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David Firth, Info Sys & Tech

Location: GBB 360

Phone: (406) 243-5979


David has a Bachelor of Arts (honours) in Physics from the University of Oxford, England, which he attended on a full-ride academic scholarship. He also has a Master of Arts in Natural Sciences from the University of Oxford, England.

Between degrees David worked for Ernst & Young in London as an assurance manager in the financial services audit division specializing in financial derivatives. On the firm's International Exchange program he moved to the United States and subsequently joined KPMG LLP in their audit division in San Francisco, where he managed the world's first IPO of a viatical settlements company (which bought life insurance policies from those who would die within 2 years).

He transferred to the Information Risk Management (IRM) practice as a senior manager to become an information systems consultant. Here he contributed significantly to the development of the IRM Transfer University, an intensive training program that teaches auditors and new hires (both college and experienced) the necessary skills to be an IS consultant. As part of his client service responsibilities with KPMG he served major companies such as Visa and Wells Fargo.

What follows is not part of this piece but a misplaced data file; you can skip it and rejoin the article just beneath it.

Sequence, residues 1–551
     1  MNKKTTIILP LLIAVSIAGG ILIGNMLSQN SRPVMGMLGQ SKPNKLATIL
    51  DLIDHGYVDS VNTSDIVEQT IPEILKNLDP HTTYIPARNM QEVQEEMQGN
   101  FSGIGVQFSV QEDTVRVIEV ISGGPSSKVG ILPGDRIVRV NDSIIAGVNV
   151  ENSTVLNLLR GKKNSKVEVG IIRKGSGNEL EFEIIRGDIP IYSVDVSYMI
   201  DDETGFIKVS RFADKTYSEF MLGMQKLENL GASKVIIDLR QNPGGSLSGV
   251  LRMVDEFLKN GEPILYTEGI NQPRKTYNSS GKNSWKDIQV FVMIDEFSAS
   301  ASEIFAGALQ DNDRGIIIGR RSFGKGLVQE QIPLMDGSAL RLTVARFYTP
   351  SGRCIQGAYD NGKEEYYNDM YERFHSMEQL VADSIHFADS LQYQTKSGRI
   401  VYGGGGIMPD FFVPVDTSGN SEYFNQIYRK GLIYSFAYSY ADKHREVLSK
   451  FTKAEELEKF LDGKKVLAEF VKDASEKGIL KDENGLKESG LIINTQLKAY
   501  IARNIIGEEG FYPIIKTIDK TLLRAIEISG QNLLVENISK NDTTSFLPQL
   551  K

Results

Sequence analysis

David moved to UCLA in 1998 as a student in the Ph.D. program of the Information Systems area at the Anderson Graduate School of Management, graduating with a Ph.D. in June 2003.

After graduating from UCLA, David is now an assistant professor of Information Systems and Technology at the University of Montana in Missoula. Here, with colleagues Dr. Cameron Lawrence and Dr. Clay Looney, he has revolutionized the teaching of the Introduction to Information Systems class. He plays a pivotal role in the School of Business's tech transfer efforts with other departments on campus.

David is involved with several start-up and tech transfer companies in Missoula, including Bee Alert Technology, Inc., which trains bees to find landmines and is a key player in the search for the cause of Colony Collapse Disorder which has already killed 50% of the nation's bees.